We’ve watched and participated in this evolution as investors. It’s an ongoing source of considerable frustration to many that the energy sector has performed so poorly when the fundamentals appear so promising. The price of oil peaked along with sentiment in 2014, since when the S&P Energy ETF (XLE) has dropped 18% while the broader S&P500 is up 52%. Volumes continue to grow, with crude oil, natural gas and its related liquids (such as ethane and propane) all reaching new records this year.

The higher volumes will ultimately drive higher profits for the midstream infrastructure businesses that gather, process, transport and store them, although the alignment of production and stock returns is becoming an interminable wait. In the meantime, the vast majority of funds that specialize in energy infrastructure are dedicated MLP funds. They face a tax drag (see AMLP’s Tax Bondage), and a shrinking pool of names (see The Alerian Problem).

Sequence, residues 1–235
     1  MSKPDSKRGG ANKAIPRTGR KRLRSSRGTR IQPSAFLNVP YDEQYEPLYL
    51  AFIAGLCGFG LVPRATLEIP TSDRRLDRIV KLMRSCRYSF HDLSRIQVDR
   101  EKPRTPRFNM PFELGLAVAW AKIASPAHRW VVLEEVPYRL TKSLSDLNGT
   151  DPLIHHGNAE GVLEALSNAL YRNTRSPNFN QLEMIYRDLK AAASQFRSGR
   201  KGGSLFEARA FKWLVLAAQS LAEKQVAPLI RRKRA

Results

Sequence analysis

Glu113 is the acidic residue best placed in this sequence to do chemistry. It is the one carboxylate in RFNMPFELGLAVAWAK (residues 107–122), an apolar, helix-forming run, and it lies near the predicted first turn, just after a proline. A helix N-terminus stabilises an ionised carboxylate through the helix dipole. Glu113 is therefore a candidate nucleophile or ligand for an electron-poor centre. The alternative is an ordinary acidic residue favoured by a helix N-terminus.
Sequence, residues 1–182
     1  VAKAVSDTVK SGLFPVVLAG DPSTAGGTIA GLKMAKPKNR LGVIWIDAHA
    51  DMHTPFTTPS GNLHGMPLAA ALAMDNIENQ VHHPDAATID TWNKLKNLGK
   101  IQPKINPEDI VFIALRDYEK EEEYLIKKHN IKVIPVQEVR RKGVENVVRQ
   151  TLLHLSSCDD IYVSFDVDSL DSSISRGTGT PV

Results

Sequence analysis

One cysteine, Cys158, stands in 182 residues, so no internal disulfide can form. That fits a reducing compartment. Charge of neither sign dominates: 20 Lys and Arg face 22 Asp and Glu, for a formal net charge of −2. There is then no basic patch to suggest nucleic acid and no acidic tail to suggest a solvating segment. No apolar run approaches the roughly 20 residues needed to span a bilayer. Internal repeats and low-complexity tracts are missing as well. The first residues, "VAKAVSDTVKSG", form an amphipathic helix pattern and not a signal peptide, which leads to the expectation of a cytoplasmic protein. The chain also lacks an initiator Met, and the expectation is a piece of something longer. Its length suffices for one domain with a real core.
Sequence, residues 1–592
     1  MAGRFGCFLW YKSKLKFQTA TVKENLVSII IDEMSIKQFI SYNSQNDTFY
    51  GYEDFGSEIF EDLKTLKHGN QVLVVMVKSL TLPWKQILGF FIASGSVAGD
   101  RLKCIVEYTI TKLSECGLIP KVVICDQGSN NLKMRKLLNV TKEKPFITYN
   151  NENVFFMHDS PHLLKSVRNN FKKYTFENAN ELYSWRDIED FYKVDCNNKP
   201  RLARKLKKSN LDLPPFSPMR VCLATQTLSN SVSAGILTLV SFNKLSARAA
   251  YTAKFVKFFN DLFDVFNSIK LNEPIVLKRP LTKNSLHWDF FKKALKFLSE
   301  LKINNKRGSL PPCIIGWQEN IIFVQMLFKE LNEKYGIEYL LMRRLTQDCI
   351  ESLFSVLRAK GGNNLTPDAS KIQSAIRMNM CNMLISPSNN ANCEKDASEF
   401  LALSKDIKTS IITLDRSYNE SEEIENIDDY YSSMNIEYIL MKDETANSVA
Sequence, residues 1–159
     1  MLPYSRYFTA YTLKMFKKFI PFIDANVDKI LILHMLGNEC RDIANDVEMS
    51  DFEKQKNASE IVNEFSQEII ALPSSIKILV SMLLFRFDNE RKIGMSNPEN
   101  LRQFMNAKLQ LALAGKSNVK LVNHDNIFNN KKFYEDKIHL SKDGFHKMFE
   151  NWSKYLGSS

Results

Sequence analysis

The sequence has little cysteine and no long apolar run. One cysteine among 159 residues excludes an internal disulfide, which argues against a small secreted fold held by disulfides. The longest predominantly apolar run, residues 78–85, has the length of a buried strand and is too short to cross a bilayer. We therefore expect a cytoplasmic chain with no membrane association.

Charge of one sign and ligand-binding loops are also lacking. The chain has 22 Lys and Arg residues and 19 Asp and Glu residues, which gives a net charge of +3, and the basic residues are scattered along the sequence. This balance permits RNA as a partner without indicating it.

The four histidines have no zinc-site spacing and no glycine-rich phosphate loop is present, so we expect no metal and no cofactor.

Corporations, not MLPs, control U.S. energy infrastructure. And yet, some of the biggest operators such Kinder Morgan (KMI, market cap $34BN), Oneok Inc (OKE, market cap $24BN), Williams Companies (WMB, market cap $21BN) or Cheniere Inc (LNG, market cap $13BN) don’t appear in the MLP-dedicated funds that, as a result, no longer represent a broad investment in energy infrastructure.